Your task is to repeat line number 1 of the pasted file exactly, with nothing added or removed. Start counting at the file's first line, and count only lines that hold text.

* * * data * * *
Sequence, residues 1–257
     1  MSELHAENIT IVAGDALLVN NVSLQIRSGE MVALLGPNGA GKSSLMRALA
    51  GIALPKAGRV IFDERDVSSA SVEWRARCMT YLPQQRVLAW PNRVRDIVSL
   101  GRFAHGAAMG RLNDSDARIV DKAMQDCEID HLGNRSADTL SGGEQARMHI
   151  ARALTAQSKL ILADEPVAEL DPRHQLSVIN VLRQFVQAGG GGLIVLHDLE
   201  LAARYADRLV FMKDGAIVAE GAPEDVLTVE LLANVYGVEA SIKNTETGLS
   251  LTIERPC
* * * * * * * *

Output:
Sequence, residues 1–257